There is a nationwide movement to reconsider the names of places and teams and to stop honoring racists and racist symbols. The Cleveland Indians will soon be no more; the baseball team will be known as the Cleveland Guardians. The Washington Redskins are now the Washington Football Team while a new name is being considered. A bust of Nathan Bedford Forrest, a slave trader, a Confederate general responsible for atrocities committed against African American troops serving in the United States army, and a founder of the terrorist Ku Klux Klan, was finally removed from the state capitol building in Nashville, Tennessee. Senator Elizabeth Warren has introduced the Reconciliation in Place Names Act to create a special advisory committee to investigate and propose changes to offensive place names. There remain thousands of towns, lakes, streams, creeks and mountains in the United States with racist names.
In New York City, Eric Adams, the Democratic Party candidate for Mayor, pledges to rename streets and buildings named after slave-owners. The name of a Bronx Park was recently changed from Mullaly to Foster. John Mullaly was indicted during the Civil War for inciting a draft riot that led to the murder of African Americans on the streets of Manhattan. The Reverend Wendell Foster was a Bronx community activist who campaigned to have the park restored.
The following Manhattan streets are named for slaveholders and slave traders:
Bayard Street in present day Chinatown is named after Nicholas Bayard, a nephew of Peter Stuyvesant, and an early mayor of British New York. Bayard was convicted of complicity with the pirate William Kidd but escaped punishment. Nicholas and his son owned and operated sugar mills processing slave-produced commodities in the city and owned stakes in at least eight slave trading ships. Bayard is listed as holding against his will the accused enslaved African Phaeton in records of the 1741 slave rebellion plot.
Beekman Street and Place near City Hall Park are named after Willem Beeckman (William Beekman), a colonial mayor of New York City and a major landowner. A number of sources list the Beekman’s as slaveholders and slave traders. Nearby William Street is also named after Beeckman.
Bleecker Street in Greenwich Village is named after writer Anthony Bleecker. Bleecker is listed as a slaveholder in records of the Trinity Church.
Bogardus Place in northern Manhattan is named after the Bogardus family that owned a large farm in the area of Manhattan by Fort Tryon Park. They are listed as slaveholders in the 1810 census.
Broome Street in SOHO is named after New York City merchant John Broome who lived by Hanover Square near South Street Seaport. Broome is listed as a slaveholder in the 1790 census. Burling Slip at South Street Seaport is named after the Burling family, 18th century merchants and slave traders.
Catherine Lane, Catherine Slip, and Catherine Street near present day Chinatown are named after Catherine De Peyster Rutgers. The De Peyster and Rutgers family are listed as slaveholders in records of the 1741 slave rebellion plot.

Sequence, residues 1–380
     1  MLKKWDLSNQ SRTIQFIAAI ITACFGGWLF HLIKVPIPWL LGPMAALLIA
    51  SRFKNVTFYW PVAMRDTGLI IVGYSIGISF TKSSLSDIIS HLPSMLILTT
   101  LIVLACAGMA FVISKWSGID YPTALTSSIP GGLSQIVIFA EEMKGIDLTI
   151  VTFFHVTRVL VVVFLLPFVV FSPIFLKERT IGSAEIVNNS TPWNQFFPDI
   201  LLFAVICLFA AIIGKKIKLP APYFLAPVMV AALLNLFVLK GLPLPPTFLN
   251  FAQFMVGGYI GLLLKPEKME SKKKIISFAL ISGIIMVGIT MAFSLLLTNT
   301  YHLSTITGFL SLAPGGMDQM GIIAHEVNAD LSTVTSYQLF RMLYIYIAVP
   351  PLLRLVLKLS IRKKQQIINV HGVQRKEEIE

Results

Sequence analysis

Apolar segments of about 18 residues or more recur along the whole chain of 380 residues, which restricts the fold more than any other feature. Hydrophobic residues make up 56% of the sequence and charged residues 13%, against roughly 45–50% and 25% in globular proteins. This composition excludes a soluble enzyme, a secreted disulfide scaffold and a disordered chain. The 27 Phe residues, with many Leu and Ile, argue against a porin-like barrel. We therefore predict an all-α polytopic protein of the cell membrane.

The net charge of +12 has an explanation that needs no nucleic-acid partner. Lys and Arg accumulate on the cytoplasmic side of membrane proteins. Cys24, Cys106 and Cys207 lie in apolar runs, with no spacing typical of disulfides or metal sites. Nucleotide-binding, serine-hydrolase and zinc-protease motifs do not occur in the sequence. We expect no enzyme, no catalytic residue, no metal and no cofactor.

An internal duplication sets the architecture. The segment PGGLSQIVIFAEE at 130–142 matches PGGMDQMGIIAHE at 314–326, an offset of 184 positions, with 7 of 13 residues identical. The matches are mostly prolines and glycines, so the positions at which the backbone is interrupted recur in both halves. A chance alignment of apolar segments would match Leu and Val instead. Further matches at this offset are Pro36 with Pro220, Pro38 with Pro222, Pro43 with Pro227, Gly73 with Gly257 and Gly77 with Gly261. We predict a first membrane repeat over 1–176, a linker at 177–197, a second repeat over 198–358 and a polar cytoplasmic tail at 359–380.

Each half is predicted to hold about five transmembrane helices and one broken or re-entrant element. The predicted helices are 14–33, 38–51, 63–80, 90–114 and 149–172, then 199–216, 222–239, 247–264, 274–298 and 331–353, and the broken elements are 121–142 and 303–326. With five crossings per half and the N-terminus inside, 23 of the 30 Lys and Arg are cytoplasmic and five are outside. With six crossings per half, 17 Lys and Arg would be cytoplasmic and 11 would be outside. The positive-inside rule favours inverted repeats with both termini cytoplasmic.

Chambers Street north of City Hall is named after John Chambers, a lawyer and judge, who is listed in records of the 1741 slave rebellion plot as having an enslaved African man named Cuba. He was also listed as a slaveholder in Trinity Church records.
Charlton Street in west SOHO is named after Dr. John Charlton, a British doctor who served as President of the New York Medical Society. He was listed as a slaveholder in the 1800 census and Trinity Church records.
Clarkson Street in Greenwich Village is named after Matthew Clarkson, a Revolutionary War soldier who later supported abolition while serving in the state legislature. The Clarkson family was listed as slaveholders in a number of 18th century sources and Matthew Clarkson is listed as a slaveholder in the 1800 census.
Clinton Street on the Lower East Side is named after Revolutionary War General George Clinton who became the first post-war Governor of New York and Vice-President of the United States in 1804. He is listed as a slaveholder in the 1790s in a number of different sources.
Coenties Slip in the Wall Street area is named after Conraet Ten Eyck who is listed in records of the 1741 slave rebellion plot as the enslaver of an African man named Dick who was transported to the sugar fields of Barbados.
Cortlandt Street in the Wall Street area and Cortlandt Alley in Chinatown are named after the Van Cortlandt family. Documentary sources including wills shows that the Van Cortlandt family were slave traders and one of the largest slaveholders in colonial New York.
Cuylers Alley is named after Henry Cuyler. His family owned a sugar warehouse near the African Burial Ground. He was a documented slave trader.
Delancey Street is a major Lower East Side cross street starting at the foot of the Williamsburg Bridge. It is named after State Supreme Court Judge James de Lancey. De Lancey is listed as the enslaver of African men Antonio, and Othello who were accused of participation in the 1741 slave rebellion plot. Antonio was convicted and transported to the sugar plantations of Barbados. Othello was hanged in what is now Foley Square. Oliver Street is named after his brother, Oliver de Lancey.